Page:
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Restoring the balance: Living well with pain

Like dementia, persistent pain comes with irreparable losses: physical restrictions, strained relationships, financial problems, perished dreams and ambitions. Both conditions require ethnographers and care professionals to shift focus from cure to care, from treating illnesses to learning how to live with restrictions. The question thus emerges: how do we learn to live with such ‘diseases that do not go away’ …

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Gramps and the Gangster visit the memory clinic

“Are you free tomorrow?”

“Sure, what’s going on?”

“It’s a big day for Gramps! I’m taking him to the doctor. I guess someone from the ward office said he ought to be checked for dementia.”

I could tell Ken was trying to make a joke about this ‘big day,’ but as he started slowly walking past me, he leaned his …

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Thinking pain

Care worker Annika announces that she does not want to go to Mr Moran. “He always complains.” “I’ll go”, says her colleague Robin, and turning to me he says, “I don’t have the intern today so you can come along if you want to see for yourself how it goes”. We head off to assemble the materials for the morning …

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Taking part in and being part of giving birth: Enacting participation in a midwife-led birth situation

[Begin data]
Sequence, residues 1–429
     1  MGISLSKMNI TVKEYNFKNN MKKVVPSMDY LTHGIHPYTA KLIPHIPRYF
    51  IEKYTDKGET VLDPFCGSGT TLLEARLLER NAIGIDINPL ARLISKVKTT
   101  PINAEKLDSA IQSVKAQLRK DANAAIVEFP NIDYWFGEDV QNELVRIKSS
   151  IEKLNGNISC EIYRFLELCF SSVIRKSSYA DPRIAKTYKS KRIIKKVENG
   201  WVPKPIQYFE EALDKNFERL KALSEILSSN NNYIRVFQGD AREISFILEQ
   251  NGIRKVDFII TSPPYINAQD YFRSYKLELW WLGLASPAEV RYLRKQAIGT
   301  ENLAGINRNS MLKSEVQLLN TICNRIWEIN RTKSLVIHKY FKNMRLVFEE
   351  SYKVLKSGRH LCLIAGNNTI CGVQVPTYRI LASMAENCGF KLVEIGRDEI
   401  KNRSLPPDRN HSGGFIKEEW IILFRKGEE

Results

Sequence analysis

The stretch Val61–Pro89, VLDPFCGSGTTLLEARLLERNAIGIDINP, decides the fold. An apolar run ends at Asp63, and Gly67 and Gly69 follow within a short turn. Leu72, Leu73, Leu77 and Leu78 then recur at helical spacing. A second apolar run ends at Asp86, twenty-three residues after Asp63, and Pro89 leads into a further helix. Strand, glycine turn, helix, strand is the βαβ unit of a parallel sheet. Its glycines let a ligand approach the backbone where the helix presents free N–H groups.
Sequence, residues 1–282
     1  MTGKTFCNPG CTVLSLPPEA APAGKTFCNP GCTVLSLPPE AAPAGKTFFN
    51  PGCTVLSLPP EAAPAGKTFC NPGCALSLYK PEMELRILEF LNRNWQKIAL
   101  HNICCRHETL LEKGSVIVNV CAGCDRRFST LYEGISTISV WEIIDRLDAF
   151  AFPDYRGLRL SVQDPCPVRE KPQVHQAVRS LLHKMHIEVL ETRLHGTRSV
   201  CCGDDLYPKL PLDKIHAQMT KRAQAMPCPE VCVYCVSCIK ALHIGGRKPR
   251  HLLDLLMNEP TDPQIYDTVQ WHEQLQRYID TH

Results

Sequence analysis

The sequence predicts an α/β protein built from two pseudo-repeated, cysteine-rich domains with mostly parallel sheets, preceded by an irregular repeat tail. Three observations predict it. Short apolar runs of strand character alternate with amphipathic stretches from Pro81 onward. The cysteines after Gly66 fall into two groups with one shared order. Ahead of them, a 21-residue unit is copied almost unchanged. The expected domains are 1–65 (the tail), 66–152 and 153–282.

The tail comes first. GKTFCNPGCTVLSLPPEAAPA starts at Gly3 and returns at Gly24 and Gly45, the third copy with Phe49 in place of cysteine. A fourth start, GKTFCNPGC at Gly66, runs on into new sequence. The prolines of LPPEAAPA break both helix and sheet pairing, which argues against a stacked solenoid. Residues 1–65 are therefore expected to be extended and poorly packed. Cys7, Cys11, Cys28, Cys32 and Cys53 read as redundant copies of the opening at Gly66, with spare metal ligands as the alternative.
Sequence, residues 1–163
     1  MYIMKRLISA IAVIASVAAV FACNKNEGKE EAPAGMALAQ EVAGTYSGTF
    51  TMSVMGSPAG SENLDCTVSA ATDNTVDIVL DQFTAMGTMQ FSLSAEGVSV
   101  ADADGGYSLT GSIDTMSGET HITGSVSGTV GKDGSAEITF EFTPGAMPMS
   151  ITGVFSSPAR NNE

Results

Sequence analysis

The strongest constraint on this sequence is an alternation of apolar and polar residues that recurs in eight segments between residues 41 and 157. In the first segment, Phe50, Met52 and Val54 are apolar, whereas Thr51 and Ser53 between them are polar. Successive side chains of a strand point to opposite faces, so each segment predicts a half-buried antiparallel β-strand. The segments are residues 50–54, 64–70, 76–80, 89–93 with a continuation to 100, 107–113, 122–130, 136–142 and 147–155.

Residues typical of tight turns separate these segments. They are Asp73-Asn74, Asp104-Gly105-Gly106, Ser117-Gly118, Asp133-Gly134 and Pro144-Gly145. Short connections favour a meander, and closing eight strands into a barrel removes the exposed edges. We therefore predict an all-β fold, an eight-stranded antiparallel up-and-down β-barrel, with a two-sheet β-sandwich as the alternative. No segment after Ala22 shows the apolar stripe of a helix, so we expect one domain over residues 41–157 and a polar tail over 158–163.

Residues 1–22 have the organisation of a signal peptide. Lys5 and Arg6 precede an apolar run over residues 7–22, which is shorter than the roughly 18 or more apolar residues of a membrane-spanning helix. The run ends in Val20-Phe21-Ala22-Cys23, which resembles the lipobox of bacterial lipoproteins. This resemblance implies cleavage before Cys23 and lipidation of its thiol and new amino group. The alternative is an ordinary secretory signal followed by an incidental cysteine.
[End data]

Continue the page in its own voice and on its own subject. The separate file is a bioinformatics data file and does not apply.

According to her midwife Jana, Mira’s was a textbook birth: it was quite fast, even for a second birth, and proceeded without any complications. In reflecting on her attendance at Mira’s birth, which I had witnessed the day before, Jana emphasised that her task during birth is only to observe: “Observing, keeping an objective view, and recognising what the situation …

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Opening up shrinking life-worlds

Lives change dramatically as dementia progresses. Using observations of people suffering from obsessions and compulsions, I will analyse this change along three dimensions.

Obsessive-Compulsive Disorder (OCD) is characterised by intrusive anxiety-provoking thoughts (obsessions) and rituals aimed at reducing anxiety, which then paradoxically come to exacerbate it (compulsions). I have been studying clinicians working with people who suffer from a severe, …

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Peripheral participants: Thinking through distortion, displacement, nullification

Warm haze

As I spoke, people looked at me worriedly. The kindness in their eyes was mixed with curiosity and concern. Rather than answering me, they turned to each other to discuss something beyond my grasp. I had aphasia and my incoherent stream of words was puzzling to the people around me. I spoke, I thought, in perfect sentences but …